This past month I met with a business owner client of mine who told me that his ratio for closing sales leads is less than 10%.
Now, to put this issue into context, this owner has invested thousands building a new kitchen showroom/design studio with beautiful, up-to date design and product displays, and hired a designer and product selection coordinator. After nearly two years his ROI on the kitchen showroom/design studio is practically zero, and it’s not because this company doesn’t have enough sales leads coming in. In fact, the frequency of new leads has been on the rise.
The real problem is due to the lack of a disciplined selling process and selling skills.
This is not an isolated case or an uncommon problem. Most business owners I meet with have similar selling challenges that frustrate them and either cost them a lot in lost sales on the front end or lost profits on the backend. Chances are whether the owner or a sales team is doing the selling in your company, the percentage of leads making the entire trip through your sales loop all the way to contract likely could be a lot higher too.
To find out if that’s true and what you can do to improve, here are three simple steps that when committed to and practiced could send your sales numbers through the roof along with your bottom line profits:
1. Better Not Bigger
The first step to growing a business is not getting bigger, it’s getting better. And the first step to getting better is accepting reality and the need to change. If you’ve never considered the fact that you and your staff can become much better at selling then I challenge you to first begin thinking like a professional, sophisticated salesperson.
Professionalism is the desire to always be acquiring new skills that produce better results. Sophistication is the discipline to do away with low-level thinking about ourselves and our clients. When combined, these two traits translate to a major paradigm shift and a bold new direction towards filling your pipeline with more and more profitable sales.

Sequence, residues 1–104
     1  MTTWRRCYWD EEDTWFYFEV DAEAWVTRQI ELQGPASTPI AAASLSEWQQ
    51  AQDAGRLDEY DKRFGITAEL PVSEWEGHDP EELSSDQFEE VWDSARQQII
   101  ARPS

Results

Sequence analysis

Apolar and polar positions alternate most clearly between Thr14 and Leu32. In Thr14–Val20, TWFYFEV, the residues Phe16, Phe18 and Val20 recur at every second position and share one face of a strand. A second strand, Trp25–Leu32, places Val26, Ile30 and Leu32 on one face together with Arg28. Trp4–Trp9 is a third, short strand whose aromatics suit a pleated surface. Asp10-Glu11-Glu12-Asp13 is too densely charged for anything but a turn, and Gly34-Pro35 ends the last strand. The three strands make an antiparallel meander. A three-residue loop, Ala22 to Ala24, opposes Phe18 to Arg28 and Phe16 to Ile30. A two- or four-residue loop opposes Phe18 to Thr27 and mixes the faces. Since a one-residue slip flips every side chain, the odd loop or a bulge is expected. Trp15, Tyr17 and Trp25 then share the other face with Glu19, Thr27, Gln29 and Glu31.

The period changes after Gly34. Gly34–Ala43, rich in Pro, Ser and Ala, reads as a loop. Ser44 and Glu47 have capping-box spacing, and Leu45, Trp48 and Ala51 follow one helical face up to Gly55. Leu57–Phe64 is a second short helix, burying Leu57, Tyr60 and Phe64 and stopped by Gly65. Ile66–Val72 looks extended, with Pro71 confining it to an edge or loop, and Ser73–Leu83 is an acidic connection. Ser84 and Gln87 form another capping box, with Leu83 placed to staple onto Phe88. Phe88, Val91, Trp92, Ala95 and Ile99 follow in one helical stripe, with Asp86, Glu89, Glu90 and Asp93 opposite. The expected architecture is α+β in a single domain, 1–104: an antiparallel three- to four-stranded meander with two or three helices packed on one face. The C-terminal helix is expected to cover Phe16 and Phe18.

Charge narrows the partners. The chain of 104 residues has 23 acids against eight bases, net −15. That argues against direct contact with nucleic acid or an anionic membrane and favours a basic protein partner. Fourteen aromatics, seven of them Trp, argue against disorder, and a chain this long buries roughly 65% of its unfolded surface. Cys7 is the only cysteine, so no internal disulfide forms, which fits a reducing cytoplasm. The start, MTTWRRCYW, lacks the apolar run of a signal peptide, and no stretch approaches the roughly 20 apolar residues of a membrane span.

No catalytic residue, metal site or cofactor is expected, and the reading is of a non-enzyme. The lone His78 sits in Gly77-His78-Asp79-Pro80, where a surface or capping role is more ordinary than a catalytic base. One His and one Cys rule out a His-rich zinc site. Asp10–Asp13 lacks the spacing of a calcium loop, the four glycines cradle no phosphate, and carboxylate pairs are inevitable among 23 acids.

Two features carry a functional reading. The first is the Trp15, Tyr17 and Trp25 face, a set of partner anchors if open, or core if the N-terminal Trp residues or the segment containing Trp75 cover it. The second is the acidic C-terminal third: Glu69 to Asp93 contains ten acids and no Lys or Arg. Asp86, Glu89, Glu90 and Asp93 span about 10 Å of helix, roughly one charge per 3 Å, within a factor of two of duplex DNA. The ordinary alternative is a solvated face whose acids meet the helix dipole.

Get focused and decide to get better! No business can escape mediocrity until an owner has stopped assuming the sales department (even when it’s just the owner doing the selling) is doing its best and blaming the buying public for not cooperating.
2. Concentrate On Your Sales Cycle
The second step is to think of the sales cycle, from lead to close, as a process in which each step along the way is designed to move the prospect one step closer to a contract or formal agreement. I urge all of my clients to document the process, step-by-step, and train it.Even if you happen to be the main and/or only salesperson at this time, clarifying the process ensures that you and your people are acquiring the necessary skills to see it through to successful outcomes and staying focused on the client rather than yourself.
A documented and trained process forces us to think intentionally every step of the way. It’s amazing how much this changes our conversations. Instead of feeling frustrated and defeated when a prospect says they want to go home and “think about it” we now transition into autopilot and use great selling language like “Is there anything else you would like to add? Am I missing anything? Are there any additional issues or problems that need to be addressed? Thanks, I think we have some great solutions for you!”